Monday 17 June 2019

Unmarried mothers sent to adoption body by singing priest Michael Cleary

'It was an open secret he was sleeping with every girl he could'

Fr Michael Cleary presenting his radio show
Fr Michael Cleary presenting his radio show
Shane Phelan

Shane Phelan

The late Fr Michael Cleary is said to have played a central role in referring single mothers to the now infamous St Patrick's Guild adoption society.

Helen Maguire, who brought her baby there in 1966, said the "singing priest" suggested this to her while he was chaplain to the Irish community in London.

The Irish Independent has also learned of a separate case from the same year where Fr Cleary is also said to have arranged for another young woman to bring her newborn baby there.

For many years Fr Cleary was one of Ireland's best-known priests. Along with Bishop Eamonn Casey, he was the "warm-up act" before Pope John Paul II's mass in Galway in 1979. A charismatic figure, he regularly appeared on television, and was a newspaper columnist and radio presenter.

Following his death in 1993 it emerged he had secretly fathered two sons with his housekeeper Phyllis Hamilton.

Co Tipperary-born Ms Maguire left for England as an 18-year-old after becoming pregnant, and said Fr Cleary helped her get a job in a hotel in London.

Ross Hamilton, his mother Phyllis and father Michael Cleary
Ross Hamilton, his mother Phyllis and father Michael Cleary

She gave birth in November 1966 and said the priest advised her to put the child up for adoption in Ireland, but she wanted to keep the baby.

When she decided to return home to visit her family the following month, she needed somewhere to leave the baby for a few weeks as the birth was still a secret.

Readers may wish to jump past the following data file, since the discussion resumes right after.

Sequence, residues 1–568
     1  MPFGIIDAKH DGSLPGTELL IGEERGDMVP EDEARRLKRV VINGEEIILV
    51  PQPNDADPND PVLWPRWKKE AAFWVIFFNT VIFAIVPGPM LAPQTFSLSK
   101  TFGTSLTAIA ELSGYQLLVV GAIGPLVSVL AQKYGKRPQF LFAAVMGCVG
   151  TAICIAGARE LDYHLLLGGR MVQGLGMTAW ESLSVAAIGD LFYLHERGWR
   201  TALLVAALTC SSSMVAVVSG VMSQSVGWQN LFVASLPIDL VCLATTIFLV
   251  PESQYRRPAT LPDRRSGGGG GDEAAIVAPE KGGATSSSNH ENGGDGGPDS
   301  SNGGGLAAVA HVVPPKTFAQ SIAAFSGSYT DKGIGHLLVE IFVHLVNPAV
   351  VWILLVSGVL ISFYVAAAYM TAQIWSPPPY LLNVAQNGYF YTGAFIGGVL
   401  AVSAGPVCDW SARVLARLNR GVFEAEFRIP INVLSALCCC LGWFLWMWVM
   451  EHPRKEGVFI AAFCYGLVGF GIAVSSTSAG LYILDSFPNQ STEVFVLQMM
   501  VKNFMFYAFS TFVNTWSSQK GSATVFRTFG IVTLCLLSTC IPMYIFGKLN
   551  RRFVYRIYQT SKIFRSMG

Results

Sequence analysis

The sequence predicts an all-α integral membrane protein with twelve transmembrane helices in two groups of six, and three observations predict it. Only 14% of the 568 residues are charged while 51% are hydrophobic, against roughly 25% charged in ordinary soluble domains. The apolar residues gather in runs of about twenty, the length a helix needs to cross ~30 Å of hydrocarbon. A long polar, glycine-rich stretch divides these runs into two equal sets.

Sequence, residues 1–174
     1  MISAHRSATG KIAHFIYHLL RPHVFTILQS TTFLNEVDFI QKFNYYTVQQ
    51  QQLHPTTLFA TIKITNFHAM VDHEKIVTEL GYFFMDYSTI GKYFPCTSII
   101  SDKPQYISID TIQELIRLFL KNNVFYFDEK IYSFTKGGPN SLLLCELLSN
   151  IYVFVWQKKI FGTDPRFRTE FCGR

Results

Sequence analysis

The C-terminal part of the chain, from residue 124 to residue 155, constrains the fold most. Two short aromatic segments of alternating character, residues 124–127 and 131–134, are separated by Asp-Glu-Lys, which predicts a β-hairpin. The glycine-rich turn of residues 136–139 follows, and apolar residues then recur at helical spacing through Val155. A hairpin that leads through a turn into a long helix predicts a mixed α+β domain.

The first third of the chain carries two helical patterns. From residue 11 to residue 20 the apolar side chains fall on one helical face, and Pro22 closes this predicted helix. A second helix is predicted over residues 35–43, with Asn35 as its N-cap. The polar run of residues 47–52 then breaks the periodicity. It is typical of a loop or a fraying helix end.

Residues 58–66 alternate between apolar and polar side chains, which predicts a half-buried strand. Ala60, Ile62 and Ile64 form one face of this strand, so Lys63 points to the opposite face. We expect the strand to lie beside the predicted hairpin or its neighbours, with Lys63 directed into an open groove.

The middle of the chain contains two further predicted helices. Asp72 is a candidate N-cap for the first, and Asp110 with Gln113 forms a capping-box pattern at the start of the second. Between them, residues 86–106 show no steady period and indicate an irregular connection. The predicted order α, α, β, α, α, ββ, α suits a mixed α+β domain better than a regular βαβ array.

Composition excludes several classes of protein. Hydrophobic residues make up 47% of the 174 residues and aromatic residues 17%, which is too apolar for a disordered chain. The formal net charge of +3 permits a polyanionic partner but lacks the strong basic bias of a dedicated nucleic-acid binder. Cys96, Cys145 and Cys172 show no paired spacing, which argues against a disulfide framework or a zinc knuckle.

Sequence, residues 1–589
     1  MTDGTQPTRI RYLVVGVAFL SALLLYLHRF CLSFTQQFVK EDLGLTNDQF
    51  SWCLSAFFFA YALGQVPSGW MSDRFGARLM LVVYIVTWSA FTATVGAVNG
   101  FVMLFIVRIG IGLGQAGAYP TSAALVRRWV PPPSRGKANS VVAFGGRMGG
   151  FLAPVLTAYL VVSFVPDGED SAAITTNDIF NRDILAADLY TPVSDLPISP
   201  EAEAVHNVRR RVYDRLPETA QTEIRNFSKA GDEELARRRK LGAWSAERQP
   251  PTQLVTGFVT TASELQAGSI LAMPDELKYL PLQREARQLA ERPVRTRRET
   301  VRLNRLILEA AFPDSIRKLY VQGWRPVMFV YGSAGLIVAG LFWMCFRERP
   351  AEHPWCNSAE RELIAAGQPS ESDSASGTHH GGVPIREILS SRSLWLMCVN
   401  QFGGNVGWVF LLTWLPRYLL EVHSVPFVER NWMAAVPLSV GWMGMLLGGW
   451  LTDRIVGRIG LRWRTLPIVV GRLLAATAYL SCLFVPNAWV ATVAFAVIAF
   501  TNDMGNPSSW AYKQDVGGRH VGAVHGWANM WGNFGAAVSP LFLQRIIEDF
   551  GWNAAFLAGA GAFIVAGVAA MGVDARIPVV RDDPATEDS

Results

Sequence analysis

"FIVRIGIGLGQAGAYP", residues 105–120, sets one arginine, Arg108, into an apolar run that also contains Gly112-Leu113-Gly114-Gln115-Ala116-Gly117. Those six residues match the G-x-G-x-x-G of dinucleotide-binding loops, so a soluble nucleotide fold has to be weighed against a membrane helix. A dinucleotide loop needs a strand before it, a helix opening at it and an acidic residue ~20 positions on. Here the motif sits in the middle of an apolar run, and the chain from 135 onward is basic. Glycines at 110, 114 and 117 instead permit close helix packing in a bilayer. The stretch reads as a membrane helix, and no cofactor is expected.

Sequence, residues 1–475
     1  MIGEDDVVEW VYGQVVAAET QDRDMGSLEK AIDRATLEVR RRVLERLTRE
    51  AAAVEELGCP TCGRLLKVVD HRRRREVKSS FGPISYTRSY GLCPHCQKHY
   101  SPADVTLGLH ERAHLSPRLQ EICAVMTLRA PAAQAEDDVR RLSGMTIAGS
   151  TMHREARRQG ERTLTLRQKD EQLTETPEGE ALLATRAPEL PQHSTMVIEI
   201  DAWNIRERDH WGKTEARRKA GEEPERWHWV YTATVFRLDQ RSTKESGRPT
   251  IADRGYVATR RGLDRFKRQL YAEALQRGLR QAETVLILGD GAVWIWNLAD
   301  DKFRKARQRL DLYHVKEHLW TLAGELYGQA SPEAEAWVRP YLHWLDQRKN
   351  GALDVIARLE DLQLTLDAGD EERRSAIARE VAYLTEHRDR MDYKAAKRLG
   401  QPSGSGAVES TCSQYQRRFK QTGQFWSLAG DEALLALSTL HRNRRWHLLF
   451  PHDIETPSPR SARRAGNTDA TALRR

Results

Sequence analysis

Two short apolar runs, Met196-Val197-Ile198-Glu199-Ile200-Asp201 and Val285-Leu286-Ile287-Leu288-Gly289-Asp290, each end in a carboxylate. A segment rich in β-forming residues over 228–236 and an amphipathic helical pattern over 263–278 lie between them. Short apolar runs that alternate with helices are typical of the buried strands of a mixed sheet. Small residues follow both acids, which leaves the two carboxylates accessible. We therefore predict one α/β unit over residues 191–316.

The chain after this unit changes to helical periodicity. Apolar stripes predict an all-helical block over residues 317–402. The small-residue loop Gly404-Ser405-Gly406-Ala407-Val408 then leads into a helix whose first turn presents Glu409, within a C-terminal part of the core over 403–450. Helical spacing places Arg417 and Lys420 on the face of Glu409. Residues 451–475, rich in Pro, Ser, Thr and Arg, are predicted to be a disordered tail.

She said Fr Cleary suggested St Patrick's Guild and "arranged everything", believing she would have it adopted.

She said she gave Fr Cleary money to pay for her flight and he arranged for her to be met by a woman at the airport and brought to St Patrick's.

Unlike other women who went to the guild, which was located at Temple Hill in Blackrock, Co Dublin, Ms Maguire did not bow to pressure to have her daughter Christine adopted. But the 71-year-old would discover last year that the baby she collected from St Patrick's and raised as her own was not her biological daughter.

Ms Maguire described Fr Cleary as "charming" during his time in London, but said it was an open secret he was sleeping with women.

"He was sleeping with every girl he could get," she said.

Fr Cleary would call into the hotel where she worked as a telephonist for lunch and tea and came into the staff room and ate with the women working there, she said.

"Then he would say to the girls: 'When is the next party?'," she said.

"They told me all about him. He would be booking the first bedroom, wherever the party was. We all knew he was sleeping with girls."

While she felt his behaviour wasn't harmless, she still felt she could trust him.

Fr Cleary returned to Ireland in 1967 to take up a position in Marino, Dublin.

He met Phyllis Hamilton after a charity concert in Marino in August of that year.

Coincidentally, Ms Maguire said she briefly worked with Ms Hamilton in a London Hotel.

According to her book, 'Secret Love - My Life with Father Michael Cleary', Ms Hamilton said that after she became pregnant with the priest's baby in 1969 he suggested she go to London "to get out of sight". She soon came back to Dublin and gave birth to a boy, who she called Michael Ivor, in March 1970.

According to the book, Fr Cleary suggested the best thing to do was to put the child up for adoption, which she did.

Ms Hamilton told how when she later had second thoughts about this and wanted her baby back, Fr Cleary flew into a rage.

He later brought her to a solicitor's office to sign the adoption papers.

The book also tells how in 1971, Ms Hamilton discovered the priest in bed with another woman, an unmarried mother he had previously counselled.

They later had a second child, Ross, in 1976.

Again, Fr Cleary wanted her to have the boy adopted, but he relented after she staunchly refused.

Irish Independent

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